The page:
this has largely been made redundant due to:
* our general distaste for merging
* the fact that jenny jenkins does the lion's share of our deploys.
Once your work has matured to a point where you're happy with it and it's been code-reviewed, you'll want to push it from your working branch to the Stable branch.
In general you shouldn't be freaked out about pushing to stable (we can always backout problematic changesets) but you should try to make sure that everything is in fine working order before you do. This page is all about common hiccups that arise when merging your work into stable and the subsequent push.
<project_root>/.hg/hgrc file, i have the following paths set so that i can pull from stable often:
default = https://khanacademy.kilnhg.com/Repo/Website/Group/marcos
stable = https://khanacademy.kilnhg.com/Repo/Website/Group/stable
The Overall Workflow
The full details, with commands to run, are below. But the general pattern you're going to be following is:
- commit any changes you've made
- merge from stable
If you're feeling paranoid, checkout master in khan-exercises and pull in/resolve any new changes/conflicts.
- resolve conflicts (if any)
make sure that
- (this is only necessary if you're working in both hg and git and if, luckily, your changes in git don't adversely impact anything in hg or vice versa. otherwise, you'll want to merge your git branch with master. Also, it doesn't matter if you get this part right unless you're in the habit of deploying from your branch instead of stable. Cowboy.)
.hgsubstate matches up with the current hash of khan-exercises's tip.commit the merge from stable
push to your repositorytest to see if it's working, poke it
if everything looks good, push your local working copy to stable!have a cookie
- If you are making a large change, it's likely a good idea that you deploy the code first, and test it on production. Most changes do not require this step, but if this is your first time pushing to stable, it may be good practice to try it. See instructions on deploying for how to do this.
hg commit to commit your changes to your local branch.
Merge but don't commit the merge yet
If you're unsure (or are worried about a hairy merge), you can always
hg incoming stable first and see if any of the changesets seem to encroach on your position. If you're otherwise ok with the idea of pulling from stable:
$ cd <your branch>
$ hg pull stable # this will pull changes and likely create a new head
$ hg merge
Resolve any conflicts
If you have any conflicts, it's worthwhile making sure that you keep track of what they are and who else might be working on something you are. Otherwise, get cozy with your merge/conflict tool.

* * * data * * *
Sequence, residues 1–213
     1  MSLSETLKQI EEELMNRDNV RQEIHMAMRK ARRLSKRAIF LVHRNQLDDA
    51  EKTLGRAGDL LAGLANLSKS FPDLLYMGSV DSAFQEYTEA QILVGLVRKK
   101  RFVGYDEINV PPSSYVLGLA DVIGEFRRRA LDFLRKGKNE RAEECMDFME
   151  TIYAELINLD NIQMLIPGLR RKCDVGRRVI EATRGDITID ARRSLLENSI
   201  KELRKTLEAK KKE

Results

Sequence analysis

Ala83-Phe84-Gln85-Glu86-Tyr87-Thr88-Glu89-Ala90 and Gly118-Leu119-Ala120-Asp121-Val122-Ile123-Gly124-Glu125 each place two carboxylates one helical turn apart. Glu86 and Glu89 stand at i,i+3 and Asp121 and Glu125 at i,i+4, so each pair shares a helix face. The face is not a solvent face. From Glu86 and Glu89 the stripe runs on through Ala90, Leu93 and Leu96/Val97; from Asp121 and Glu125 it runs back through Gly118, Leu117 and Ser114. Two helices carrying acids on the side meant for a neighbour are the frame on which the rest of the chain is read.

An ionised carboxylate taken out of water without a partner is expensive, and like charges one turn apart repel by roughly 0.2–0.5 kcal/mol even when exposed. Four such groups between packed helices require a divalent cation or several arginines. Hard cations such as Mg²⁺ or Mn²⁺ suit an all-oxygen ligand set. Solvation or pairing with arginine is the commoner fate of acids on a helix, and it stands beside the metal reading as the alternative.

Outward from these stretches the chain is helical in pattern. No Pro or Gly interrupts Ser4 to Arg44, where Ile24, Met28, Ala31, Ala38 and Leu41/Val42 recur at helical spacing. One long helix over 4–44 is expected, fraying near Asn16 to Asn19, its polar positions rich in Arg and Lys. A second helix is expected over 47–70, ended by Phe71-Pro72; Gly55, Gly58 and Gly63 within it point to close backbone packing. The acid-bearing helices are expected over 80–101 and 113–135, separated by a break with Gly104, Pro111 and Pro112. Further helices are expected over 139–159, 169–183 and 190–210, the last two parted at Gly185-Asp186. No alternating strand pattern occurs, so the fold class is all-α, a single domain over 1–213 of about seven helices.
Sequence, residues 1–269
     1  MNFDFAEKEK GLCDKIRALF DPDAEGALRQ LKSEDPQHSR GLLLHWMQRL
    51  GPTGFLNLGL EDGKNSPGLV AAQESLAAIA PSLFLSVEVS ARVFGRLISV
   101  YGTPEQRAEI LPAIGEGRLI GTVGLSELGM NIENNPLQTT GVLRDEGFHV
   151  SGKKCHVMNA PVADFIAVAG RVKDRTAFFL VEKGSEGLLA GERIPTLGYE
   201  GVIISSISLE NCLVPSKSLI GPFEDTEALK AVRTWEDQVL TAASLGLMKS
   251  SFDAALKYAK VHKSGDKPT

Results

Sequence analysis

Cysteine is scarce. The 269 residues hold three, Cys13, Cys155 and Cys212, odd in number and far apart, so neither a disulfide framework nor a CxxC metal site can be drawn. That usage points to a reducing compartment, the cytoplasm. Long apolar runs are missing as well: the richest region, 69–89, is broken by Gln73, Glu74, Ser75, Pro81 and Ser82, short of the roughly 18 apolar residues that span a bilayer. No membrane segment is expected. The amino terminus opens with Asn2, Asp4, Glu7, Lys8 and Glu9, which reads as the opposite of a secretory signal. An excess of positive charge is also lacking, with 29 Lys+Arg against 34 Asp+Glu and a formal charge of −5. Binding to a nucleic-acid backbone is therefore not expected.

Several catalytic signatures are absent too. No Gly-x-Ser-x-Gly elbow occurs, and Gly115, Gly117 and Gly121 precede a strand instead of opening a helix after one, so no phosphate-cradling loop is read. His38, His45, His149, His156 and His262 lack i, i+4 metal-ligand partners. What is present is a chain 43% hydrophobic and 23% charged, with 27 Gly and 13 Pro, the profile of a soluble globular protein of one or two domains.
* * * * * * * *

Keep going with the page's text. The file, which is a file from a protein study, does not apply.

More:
(Optional) Check out master in khan-exercises
If you are deploying from your branch -- which you shouldn't do -- you will need to make sure your branch's copy of khan-exercises is up to date. Even if you're not being a cowboy, you might want to do this out of a healthy sense of paranoia.
git checkout master
Resolve and checkin .hgsubstate
If the head of master has changed recently, you may be responsible for updating the
git show-ref HEAD | diff -u - ../.hgsubstate
The label name (second word) might differ, but the hashes (first word) should be the same. If not, then you need to update
.hgsubstate to use the hash from
sed -i -e 's/^[^ ]*/'`git show-ref HEAD | cut -d" " -f1`/ ../.hgsubstate
Commit the merge
$ hg commit # -m "merge from stable"
Typically people just put "merge from stable" as the commit message unless there's a complicated resolve that had to be done.
Push to your branch repository
Assuming the merge from stable was trivial, this doesn't need to be reviewed. (If you had a non-trivial merge, you'll want to specify a reviewer here. Hopefully you put a contentful commit message in when you committed the merge, describing the complexity of the merge!)
hg push --rr none default
Run the tests
allcheck from the root directory to make sure all the tests still pass. (You can also run
make check, which is faster but not as complete.) If not, you should fix either the code or the test before pushing to stable.
Clone/update your branch repository
This is really part of the deploy stage right now, so i'll gloss over it, but you want to make sure that a clean checkout does the right thing.
Deploy your working copy
The reason for this is to verify the appengine app is still working, even with your changes, before you push to stable. If they are, then you're good to go, but oftentimes there'll be something weird, so this is a nice safety thing.
When doing this, i don't specify a version, i just use
python deploy/deploy.py and let it do its thing, if it's a good change, i've killed two birds with one stone because now i can just switch my recent deploy to default, otherwise, i can nuke it and try again.
Push to stable
Assuming nobody's beat you to it, push! Once you do, your changeset is live and it's also now in stable. Assuming your merges above were trivial, this doesn't need to be reviewed, since it was already reviewed when you pushed the changes into your branch.
hg push --rr none stable
One thing that can go wrong here, is someone else may have pushed to stable since you merged a few steps ago. If so, mercurial will complain here. The solution is to go back to step 2 and re-merge from stable. (Don't
just push anyway!)